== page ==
Set up automatic backupIf your computer crashes, will you have your files backed up somewhere else? A few years ago, I was excited to have CrashPlan backing up my files. I thought I was safe. But apparently, I had the bandwidth set at the default rate of transfer and after 4 months, my initial backup was not done. And then my hard drive died. I lost hundreds of files. So check in on your backup from time to time and make sure it is backing up at the right speed. You may even want to contact your backup company and have them walk you through some of the more advanced settings so that your backups will be done in a timely manner.
ExerciseDon't wait until that stiff back and sedentary lifestyle have caused you enough pain that you can't do your job. Get out from behind the desk. Get out and get moving before your body forgets how to and is locked in the typing-on-the-keyboard position.
Spend time with other CreativesWhen I started the Raleigh InDesign User Group a couple of years ago, I thought I would be doing people a service by sharing with them my InDesign knowledge. But to be honest, I'm fairly confident that I've learned more from my fellow IDUG members than they have from me. They have introduced me to new features, plugins, and tools. They've shown me new ways of working that speed up my workflow and allow me to spend more time on the fun stuff. Your fellow creatives can offer insight and encouragement and keep you from making rash, career-impacting decisions after an exceptionally hard day.
Dream bigIf you're still reading this blog, chances are good that you aspire to more than typesetting business cards for the local accounting firm. So write down your big ideas about what you'd like your future to look like. Share your big ideas with a friend. Set a measurable goal, and then work toward it methodically. This is important because when you're working toward a big goal, it puts into perspective all the petty annoyances that you may have to deal with on a daily basis. I remember back in college when I had to take dumb courses like macroeconomics and astronomy. I managed to get through those classes because I knew that I was working toward a larger goal: earning a college degree. If I hadn't been working toward a defined goal, I likely would have dropped out of those waste-of-my-time classes in the first week.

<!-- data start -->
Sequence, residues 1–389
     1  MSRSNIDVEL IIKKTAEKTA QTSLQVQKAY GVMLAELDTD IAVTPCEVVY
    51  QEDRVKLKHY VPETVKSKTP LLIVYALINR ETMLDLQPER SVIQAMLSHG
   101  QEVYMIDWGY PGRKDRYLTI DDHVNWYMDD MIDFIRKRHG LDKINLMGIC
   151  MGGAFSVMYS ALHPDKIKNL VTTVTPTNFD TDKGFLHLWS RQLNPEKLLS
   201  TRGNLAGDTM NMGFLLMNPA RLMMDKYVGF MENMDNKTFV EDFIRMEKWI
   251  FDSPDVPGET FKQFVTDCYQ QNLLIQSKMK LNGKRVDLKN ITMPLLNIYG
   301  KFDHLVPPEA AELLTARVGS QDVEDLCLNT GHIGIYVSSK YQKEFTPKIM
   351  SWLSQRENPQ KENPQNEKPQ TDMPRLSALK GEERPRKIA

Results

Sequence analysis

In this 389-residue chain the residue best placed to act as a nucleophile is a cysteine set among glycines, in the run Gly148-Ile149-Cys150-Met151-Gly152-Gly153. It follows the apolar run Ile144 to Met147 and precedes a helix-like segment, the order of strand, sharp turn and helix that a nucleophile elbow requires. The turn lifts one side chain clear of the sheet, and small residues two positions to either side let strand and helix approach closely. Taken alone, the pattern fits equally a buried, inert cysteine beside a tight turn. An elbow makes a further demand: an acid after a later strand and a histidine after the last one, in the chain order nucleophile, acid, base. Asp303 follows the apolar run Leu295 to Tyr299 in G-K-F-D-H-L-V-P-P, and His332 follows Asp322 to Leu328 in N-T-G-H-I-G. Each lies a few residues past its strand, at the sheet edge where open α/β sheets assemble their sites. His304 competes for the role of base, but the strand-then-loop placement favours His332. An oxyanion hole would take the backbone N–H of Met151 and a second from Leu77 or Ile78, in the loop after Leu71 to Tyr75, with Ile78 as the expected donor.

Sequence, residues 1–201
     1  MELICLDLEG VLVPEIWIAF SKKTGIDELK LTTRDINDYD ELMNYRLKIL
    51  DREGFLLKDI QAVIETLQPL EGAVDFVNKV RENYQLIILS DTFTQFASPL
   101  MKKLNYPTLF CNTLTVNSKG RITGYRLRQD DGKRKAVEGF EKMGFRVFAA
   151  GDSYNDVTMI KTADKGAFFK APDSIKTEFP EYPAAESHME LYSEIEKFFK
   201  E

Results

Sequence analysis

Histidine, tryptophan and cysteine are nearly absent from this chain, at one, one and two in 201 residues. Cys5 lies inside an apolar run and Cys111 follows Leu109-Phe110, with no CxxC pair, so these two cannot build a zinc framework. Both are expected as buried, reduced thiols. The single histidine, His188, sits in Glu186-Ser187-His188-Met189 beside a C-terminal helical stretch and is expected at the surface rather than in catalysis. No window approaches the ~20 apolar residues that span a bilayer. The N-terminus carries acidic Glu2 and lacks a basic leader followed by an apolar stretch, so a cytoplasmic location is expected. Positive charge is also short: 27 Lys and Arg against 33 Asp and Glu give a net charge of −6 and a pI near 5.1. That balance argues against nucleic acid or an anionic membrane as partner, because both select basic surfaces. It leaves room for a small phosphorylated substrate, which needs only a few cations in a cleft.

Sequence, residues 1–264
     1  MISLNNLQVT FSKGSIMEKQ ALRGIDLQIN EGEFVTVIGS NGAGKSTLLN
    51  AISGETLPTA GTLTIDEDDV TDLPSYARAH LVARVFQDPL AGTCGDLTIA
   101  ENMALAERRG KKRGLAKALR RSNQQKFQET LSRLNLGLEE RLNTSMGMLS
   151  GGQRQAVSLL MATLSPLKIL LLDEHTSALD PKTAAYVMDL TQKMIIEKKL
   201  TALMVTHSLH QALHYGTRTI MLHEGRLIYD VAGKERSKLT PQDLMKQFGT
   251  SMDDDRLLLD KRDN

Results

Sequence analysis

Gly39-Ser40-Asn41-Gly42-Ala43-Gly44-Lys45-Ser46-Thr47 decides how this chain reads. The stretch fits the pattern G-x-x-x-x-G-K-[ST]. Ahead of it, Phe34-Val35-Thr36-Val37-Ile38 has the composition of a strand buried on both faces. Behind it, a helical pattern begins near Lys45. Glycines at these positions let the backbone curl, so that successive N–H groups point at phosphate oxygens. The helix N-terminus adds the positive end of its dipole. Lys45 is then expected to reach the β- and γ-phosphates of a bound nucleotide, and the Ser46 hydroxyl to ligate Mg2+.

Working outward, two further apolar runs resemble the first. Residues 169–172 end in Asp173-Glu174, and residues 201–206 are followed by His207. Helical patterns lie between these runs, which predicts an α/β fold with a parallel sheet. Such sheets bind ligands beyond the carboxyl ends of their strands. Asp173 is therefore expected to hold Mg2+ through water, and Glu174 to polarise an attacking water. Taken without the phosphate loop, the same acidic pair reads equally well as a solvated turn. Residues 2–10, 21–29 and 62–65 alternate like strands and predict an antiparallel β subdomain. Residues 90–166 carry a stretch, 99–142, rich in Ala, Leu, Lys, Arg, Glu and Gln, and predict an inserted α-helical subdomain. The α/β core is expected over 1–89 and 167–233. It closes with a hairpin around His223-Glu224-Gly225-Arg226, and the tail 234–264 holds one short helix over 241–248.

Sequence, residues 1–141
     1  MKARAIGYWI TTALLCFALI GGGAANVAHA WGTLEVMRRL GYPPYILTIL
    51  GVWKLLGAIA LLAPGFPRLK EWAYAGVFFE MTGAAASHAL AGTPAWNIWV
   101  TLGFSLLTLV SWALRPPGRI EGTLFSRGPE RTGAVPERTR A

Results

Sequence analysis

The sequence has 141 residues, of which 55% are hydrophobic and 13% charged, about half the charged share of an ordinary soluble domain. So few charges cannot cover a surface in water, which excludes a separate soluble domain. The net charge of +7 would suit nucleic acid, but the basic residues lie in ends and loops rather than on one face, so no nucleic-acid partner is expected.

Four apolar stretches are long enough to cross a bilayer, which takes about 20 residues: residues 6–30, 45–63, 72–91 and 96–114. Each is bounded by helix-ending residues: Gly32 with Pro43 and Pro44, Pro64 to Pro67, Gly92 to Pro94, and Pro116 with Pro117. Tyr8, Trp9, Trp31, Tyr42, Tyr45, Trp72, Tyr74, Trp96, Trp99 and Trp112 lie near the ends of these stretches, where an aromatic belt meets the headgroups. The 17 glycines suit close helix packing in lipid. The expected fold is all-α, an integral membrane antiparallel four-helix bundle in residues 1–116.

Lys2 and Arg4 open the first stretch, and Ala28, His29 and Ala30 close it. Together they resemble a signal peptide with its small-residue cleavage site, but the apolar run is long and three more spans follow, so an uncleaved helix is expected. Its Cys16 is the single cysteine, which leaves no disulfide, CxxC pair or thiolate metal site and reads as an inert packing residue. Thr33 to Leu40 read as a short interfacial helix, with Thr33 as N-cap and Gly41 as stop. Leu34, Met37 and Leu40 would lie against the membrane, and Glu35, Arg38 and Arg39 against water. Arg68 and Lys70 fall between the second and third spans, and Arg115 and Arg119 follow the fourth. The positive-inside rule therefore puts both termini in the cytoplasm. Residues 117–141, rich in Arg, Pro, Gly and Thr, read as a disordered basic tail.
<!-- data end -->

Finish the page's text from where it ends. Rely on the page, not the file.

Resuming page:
I speculate that one of the reasons that people experience mid-life crises is because their lives have been in a state of crisis for years, and over time, they have lost themselves in the sea of crises, waking up one morning thinking that suddenly, everything needs changing. Of course, I'm a mid-thirty-something, so I have a lot to learn.
But I do know that crises will get in the way of, and eventually burn out a creative career, reducing your flexibility and limiting your choices. And so with that in mind, I aim to prevent crises before they happen. Don't let the fire of crisis burn out your creativity, your health, or your career.